Additionally, there are ways to repress these changes from occurring, but it is not quite as simple as that. What ever is that simple, right?

Well, if you are at all interested in learning more about DB2 incompatibilities and how to manage them, join me and Roy Boxwell for our webinar, Don’t let ICIs put your DB2 application in the ICU! 

We will discuss the issues, how they impact your applications, and offer up some guidance on how to get your arms around the problem. And Roy will show us how SEG's Workload Expert technology can be used to make it easier to track these issues, as well as to manage and control their impact on your DB2 applications.

So register today and join us in this informative webinar scheduled for April 28 2016 at 1:00 PM Eastern time.

This session will discuss the incompatible changes, their potential impact on your applications, as well as provide guidance on how to tackle the whole experience. And you’ll also see how SEGUS’s Workload Expert technology makes it easier to manage and control these incompatible changes. With all of this information at your disposal, you can make sure that your DB2 applications do not wind up in the ICU (intensive care unit)!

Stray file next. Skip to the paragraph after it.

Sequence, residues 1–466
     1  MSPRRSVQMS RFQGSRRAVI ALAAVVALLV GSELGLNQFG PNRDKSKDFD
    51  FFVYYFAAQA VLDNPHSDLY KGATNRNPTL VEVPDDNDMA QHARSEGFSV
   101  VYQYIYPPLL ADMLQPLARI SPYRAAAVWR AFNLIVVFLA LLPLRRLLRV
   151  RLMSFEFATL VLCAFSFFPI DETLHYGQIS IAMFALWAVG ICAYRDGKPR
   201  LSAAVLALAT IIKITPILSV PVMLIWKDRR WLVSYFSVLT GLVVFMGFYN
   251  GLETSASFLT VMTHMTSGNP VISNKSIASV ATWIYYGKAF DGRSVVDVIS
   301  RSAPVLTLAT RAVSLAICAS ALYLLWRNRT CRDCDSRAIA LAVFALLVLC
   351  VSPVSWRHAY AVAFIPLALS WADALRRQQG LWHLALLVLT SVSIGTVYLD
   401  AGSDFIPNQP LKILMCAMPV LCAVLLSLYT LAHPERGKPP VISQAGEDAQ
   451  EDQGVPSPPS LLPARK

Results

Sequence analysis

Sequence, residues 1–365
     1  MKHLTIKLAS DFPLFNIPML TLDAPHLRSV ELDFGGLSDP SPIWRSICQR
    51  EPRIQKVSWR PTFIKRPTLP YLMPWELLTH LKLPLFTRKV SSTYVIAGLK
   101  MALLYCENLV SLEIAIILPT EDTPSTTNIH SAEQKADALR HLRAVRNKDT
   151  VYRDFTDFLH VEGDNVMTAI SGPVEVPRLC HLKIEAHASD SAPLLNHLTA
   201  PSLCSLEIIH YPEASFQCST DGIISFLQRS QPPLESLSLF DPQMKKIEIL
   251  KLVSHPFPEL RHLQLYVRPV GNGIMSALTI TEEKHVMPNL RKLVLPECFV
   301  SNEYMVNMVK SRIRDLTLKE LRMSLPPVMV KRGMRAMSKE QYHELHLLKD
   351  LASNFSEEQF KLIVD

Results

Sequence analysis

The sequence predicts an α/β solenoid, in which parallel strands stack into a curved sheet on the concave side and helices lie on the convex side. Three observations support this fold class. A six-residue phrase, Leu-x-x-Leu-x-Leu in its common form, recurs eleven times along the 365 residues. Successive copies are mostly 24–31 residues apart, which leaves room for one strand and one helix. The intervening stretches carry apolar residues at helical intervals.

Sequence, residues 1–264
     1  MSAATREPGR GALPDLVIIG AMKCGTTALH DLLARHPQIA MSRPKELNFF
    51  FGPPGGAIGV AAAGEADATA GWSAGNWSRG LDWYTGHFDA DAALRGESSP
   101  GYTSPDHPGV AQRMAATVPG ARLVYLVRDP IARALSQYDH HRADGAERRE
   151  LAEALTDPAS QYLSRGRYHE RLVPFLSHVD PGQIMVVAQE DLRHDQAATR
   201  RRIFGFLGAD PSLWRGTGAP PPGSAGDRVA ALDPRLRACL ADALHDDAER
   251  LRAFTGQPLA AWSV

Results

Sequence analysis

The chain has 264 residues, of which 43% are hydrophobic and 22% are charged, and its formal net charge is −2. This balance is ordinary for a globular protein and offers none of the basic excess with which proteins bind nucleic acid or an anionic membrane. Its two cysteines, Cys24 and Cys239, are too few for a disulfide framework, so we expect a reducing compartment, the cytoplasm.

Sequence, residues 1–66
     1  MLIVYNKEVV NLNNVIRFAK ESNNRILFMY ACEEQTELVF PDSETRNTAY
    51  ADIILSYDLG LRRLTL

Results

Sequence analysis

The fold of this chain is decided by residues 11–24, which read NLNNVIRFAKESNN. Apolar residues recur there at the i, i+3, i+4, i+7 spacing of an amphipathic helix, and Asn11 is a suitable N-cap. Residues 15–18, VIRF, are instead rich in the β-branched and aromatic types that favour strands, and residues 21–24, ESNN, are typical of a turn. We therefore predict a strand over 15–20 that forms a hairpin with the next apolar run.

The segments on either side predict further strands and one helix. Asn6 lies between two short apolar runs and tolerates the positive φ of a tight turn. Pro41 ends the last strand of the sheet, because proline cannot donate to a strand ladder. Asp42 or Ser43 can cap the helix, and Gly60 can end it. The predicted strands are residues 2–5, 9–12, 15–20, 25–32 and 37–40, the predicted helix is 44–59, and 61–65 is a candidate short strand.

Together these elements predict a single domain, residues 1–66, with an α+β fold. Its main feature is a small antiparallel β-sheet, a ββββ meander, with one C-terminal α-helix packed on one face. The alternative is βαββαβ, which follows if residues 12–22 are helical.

Monday, April 11, 2016

The Most Misunderstood Features of DB2 - Part 8: Do I have to pick just one?

There are so many misunderstood and misused aspects of DB2 for z/OS that it would be hard to choose only one. This series of blog posts, which concludes today with this one, has covered a wide variety of topics over 7 installments. So it would seem that there is no lack of misunderstanding out there!

So, if I had to pick just one thing as the most misunderstood thing, I think I’m going to have to cheat and say that the biggest problem in DB2-land is an overall pervasive lack of knowledge of what DB2 can do. Who among us can really say that we know everything there is to know about every last feature and function that our favorite DBMS supports?

Now don’t get me wrong? I am not trying to indict the technicians using DB2. Richard Saul Wurman wrote a book called Information Anxiety that details what I think many of us are feeling, which is a general uneasiness at being overwhelmed with a large amount of facts, figures and data that can be hard to master.

This situation has come about because DBMSs are becoming large and unwieldy as they adopt functionality that previously was performed outside of the database environment. This is certainly that case with DB2 for z/OS which has adding a lot of new SQL functionality, new types of table spaces, temporal support, IDAA, and on and on and on in just the past few releases. There is simply too much functionality in DB2 for anyone to be an expert on all of it (well, with this possible exception of some of those IBM developers).

If you’ve missed any of the previous posts in this series, here are links to each of the 7 prior installments in this series:

And now, with all of these misunderstandings out of the way, maybe we can focus on more understanding in upcoming blog posts!

Friday, April 08, 2016

Happy Birthday Mainframe!

Fifty Two Years Ago This Week

On April 7, 1964, IBM announced "a new generation of electronic computing equipment" called the IBM System/360... or as it, and subsequent generations of the machine have become known, the mainframe!